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Nat Commun. 2015 Jun 15;6:7438. doi: 10.1038/ncomms8438.

Single molecule-level detection and long read-based phasing of epigenetic variations in bacterial methylomes.

Author information

1
Department of Genetics and Genomic Sciences and Icahn Institute for Genomics and Multiscale Biology, Icahn School of Medicine at Mount Sinai, New York 10029, USA.
2
Department of Medicine, New York University School of Medicine, New York 10016, USA.
3
Division of Infectious Diseases, Brigham and Women's Hospital, Harvard Medical School, and the Howard Hughes Medical Institute, Boston, Massachusetts 02115, USA.

Abstract

Beyond its role in host defense, bacterial DNA methylation also plays important roles in the regulation of gene expression, virulence and antibiotic resistance. Bacterial cells in a clonal population can generate epigenetic heterogeneity to increase population-level phenotypic plasticity. Single molecule, real-time (SMRT) sequencing enables the detection of N6-methyladenine and N4-methylcytosine, two major types of DNA modifications comprising the bacterial methylome. However, existing SMRT sequencing-based methods for studying bacterial methylomes rely on a population-level consensus that lacks the single-cell resolution required to observe epigenetic heterogeneity. Here, we present SMALR (single-molecule modification analysis of long reads), a novel framework for single molecule-level detection and phasing of DNA methylation. Using seven bacterial strains, we show that SMALR yields significantly improved resolution and reveals distinct types of epigenetic heterogeneity. SMALR is a powerful new tool that enables de novo detection of epigenetic heterogeneity and empowers investigation of its functions in bacterial populations.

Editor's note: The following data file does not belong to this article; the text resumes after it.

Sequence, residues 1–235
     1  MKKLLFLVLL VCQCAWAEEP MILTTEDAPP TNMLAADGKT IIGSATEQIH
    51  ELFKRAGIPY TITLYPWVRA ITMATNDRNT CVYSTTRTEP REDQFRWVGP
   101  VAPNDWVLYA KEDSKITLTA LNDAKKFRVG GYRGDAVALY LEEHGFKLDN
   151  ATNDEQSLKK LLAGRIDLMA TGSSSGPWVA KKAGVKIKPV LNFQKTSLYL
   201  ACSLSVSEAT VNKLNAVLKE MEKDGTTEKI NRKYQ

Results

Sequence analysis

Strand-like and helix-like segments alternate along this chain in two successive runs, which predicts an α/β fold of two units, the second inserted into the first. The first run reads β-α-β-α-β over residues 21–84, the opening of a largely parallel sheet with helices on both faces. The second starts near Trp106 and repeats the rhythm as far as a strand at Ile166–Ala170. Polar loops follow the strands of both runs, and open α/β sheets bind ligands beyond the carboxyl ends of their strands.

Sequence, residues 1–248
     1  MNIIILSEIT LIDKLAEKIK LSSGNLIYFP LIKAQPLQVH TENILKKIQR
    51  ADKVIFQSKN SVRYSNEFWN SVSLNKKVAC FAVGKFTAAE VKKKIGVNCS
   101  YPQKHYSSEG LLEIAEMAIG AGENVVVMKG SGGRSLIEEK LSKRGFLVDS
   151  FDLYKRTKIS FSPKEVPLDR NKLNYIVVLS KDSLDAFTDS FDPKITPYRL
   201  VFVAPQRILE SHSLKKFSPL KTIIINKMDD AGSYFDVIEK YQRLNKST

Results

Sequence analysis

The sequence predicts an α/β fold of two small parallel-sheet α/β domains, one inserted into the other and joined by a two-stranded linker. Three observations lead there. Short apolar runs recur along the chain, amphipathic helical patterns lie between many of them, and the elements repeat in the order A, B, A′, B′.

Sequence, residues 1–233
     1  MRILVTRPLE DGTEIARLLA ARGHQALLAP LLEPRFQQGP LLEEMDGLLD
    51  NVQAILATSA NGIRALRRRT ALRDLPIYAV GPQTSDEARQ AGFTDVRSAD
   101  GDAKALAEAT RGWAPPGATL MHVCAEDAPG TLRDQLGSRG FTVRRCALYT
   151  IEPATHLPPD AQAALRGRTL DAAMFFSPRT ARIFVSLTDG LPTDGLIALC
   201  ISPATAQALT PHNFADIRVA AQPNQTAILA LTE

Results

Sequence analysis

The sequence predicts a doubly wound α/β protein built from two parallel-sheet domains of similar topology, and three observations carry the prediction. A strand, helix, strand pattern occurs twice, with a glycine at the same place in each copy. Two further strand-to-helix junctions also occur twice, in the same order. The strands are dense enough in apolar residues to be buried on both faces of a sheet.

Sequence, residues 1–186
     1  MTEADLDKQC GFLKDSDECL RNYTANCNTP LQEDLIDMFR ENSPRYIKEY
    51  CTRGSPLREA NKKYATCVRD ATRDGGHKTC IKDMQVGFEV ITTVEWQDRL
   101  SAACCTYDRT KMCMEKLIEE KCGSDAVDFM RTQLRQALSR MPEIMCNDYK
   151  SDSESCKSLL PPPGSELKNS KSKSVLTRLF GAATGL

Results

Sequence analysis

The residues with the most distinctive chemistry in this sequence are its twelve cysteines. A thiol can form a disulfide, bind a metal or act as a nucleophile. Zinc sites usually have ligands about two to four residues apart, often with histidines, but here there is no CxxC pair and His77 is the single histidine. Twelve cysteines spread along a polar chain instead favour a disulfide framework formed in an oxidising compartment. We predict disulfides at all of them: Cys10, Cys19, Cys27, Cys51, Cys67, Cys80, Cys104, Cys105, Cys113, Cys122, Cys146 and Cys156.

PMID:
26074426
PMCID:
PMC4490391
DOI:
10.1038/ncomms8438
[Indexed for MEDLINE]
Free PMC Article

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